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Monday, February 11, 2013

Let Your No be No

In an all too familiar scene, a harried parent is trying to wrap up her grocery shopping while her five-year-old is hassling her for a highly advertised sugar-coated cereal.

She says No. He puts it in the grocery cart anyway.

Mother again says No, and returns it to its place.

“But this is the cereal I like,” he pouts,  “and it’s what Bobby (a favorite cousin) likes! I won’t eat any other kind!” and tosses it back in the cart.

Once more mother says No, emphatically this time, and places it back on the shelf.

This time Junior yells, “But I want this kind! You have to get it for me!” and grabs the box and heads for the checkout line.

Mother, who has now reached her breaking point, dashes toward her son, yanks him by the arm and yells at him (for yelling).

But Junior has learned not to give up easily. He goes into dramatic meltdown, resulting in an angry mom shaking and threatening him, “I’m never taking you shopping with me again, ever!”

All to no avail. Son is crying uncontrollably, mom is desperate.

Finally, she bargains. “O.K., Just this one time. But only if you promise never, ever to act this way again. Understand?”

Child nods, half whimpering, half grinning.

Chalk up another win for Junior.

What part of "No" don’t children understand?  Or is the real problem that we parents (and grandparents) don’t understand how to say take a firm position with our children and teens?

Back in August of 2007 more than a dozen Minnesota parents, educators and health organizations sponsored full page newspaper ads launching a “Say Yes to No” campaign across the state. The program offered explanations and examples based on the book “NO: Why Kids – of All Ages Need to Hear It and Ways Parents Can Say It,” by David Walsh, president of the Media and the Family Institute.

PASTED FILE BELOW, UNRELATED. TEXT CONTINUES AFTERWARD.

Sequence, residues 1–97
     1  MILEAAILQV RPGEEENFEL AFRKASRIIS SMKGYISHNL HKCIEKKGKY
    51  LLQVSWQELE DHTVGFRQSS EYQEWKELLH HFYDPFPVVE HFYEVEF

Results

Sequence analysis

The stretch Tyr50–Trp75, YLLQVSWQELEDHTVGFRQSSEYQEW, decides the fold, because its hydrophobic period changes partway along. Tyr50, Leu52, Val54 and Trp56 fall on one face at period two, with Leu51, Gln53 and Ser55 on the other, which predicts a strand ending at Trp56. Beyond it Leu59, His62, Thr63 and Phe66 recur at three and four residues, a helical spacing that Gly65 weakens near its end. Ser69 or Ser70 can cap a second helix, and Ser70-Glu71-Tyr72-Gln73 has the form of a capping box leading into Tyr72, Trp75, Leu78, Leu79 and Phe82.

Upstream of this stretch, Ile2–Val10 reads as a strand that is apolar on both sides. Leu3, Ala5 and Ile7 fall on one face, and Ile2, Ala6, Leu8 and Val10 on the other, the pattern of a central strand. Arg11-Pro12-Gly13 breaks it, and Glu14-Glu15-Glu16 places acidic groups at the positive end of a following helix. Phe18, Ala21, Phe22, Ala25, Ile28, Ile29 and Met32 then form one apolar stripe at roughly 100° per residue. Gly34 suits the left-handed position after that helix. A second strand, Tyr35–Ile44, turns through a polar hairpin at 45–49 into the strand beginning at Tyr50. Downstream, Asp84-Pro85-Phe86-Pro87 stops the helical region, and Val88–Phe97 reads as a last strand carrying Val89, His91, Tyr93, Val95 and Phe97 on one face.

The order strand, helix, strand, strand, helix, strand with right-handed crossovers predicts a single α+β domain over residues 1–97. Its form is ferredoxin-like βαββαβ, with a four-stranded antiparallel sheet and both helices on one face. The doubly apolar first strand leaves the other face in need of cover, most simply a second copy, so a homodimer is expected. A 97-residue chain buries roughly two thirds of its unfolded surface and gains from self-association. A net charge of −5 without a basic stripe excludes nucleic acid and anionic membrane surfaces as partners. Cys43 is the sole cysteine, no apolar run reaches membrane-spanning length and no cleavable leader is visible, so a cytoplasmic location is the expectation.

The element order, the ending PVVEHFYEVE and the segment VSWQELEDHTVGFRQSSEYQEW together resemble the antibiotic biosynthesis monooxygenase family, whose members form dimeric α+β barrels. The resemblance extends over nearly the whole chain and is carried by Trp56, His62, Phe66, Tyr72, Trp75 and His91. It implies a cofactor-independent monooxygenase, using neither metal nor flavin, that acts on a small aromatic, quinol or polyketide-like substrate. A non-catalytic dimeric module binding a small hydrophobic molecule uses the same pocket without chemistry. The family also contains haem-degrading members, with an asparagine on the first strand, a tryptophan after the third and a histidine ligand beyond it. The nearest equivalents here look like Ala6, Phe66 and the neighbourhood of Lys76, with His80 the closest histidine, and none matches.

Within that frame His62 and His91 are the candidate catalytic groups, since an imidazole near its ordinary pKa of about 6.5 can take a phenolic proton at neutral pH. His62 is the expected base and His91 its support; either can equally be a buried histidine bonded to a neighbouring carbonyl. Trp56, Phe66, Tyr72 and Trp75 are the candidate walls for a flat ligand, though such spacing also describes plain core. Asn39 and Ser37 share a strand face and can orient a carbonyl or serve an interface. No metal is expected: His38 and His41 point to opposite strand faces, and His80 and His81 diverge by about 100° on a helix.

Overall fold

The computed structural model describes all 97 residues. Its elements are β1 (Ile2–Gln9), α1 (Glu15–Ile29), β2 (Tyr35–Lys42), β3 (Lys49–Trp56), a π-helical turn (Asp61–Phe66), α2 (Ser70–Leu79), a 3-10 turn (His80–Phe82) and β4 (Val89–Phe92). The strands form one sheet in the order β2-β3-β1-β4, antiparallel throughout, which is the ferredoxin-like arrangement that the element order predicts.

“Parents have been looking for solutions... for a long time,” says Rosie Loeffler-Kemp, president of the Minnesota PTA. “Say Yes to No will give parents and educators answers and tactics that put them back into control of their homes and classrooms.”

Sounds good in theory, and maybe in our homes, but what about our grocery store scenario?

Here’s how an effective No might have worked:

Child protests, “But this is the cereal I like! I won’t eat any other kind!” etc.

Mother gets on her child’s eye level, arms on his shoulders, “I know you want this, but we don’t use that kind of cereal at our house.” (Respectful but absolutely firm position)

“But Mom, that’s the only cereal I like!”

“I hear you, but we don’t use this kind of cereal at our house.” (broken record restatement, still on his eye level)

“But Mom...”

“Remember, we don’t use this kind of cereal at our house. You can either stop begging, or we’ll go to the car right now for a time-out. If you don’t cooperate, you'll go to your sitter’s, and mommy will finish the shopping and go to the Taco Barn this time without you. It’s up to you.” End of discussion, mother rises for action.

Of course, she could have taken her son out and smacked him instead of giving him a firm, no-nonsense consequence. But that would be over in a harsh and heated instant, whereas removing him from the store, enforcing a five-minute time-out in his car seat (time doesn’t start until he cooperates), and bringing an abrupt end to the fun of shopping--and eating out with his mom--delivers a lesson that can keep on teaching for a long time.

And in case you’re wondering, there are worse things than leaving a shopping cart in the grocery aisle.

Like not doing whatever is necessary to teach Junior what No means.
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